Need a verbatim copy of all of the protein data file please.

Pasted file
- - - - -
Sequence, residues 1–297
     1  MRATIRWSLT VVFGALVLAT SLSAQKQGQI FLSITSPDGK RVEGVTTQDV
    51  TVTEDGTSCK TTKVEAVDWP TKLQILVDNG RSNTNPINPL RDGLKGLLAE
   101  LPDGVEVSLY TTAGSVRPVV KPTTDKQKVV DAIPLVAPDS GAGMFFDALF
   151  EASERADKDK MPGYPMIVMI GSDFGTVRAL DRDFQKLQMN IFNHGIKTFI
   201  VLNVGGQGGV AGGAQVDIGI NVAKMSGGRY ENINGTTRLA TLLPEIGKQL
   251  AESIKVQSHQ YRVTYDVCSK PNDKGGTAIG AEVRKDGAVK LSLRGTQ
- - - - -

Sequence, residues 1–297
     1  MRATIRWSLT VVFGALVLAT SLSAQKQGQI FLSITSPDGK RVEGVTTQDV
    51  TVTEDGTSCK TTKVEAVDWP TKLQILVDNG RSNTNPINPL RDGLKGLLAE
   101  LPDGVEVSLY TTAGSVRPVV KPTTDKQKVV DAIPLVAPDS GAGMFFDALF
   151  EASERADKDK MPGYPMIVMI GSDFGTVRAL DRDFQKLQMN IFNHGIKTFI
   201  VLNVGGQGGV AGGAQVDIGI NVAKMSGGRY ENINGTTRLA TLLPEIGKQL
   251  AESIKVQSHQ YRVTYDVCSK PNDKGGTAIG AEVRKDGAVK LSLRGTQ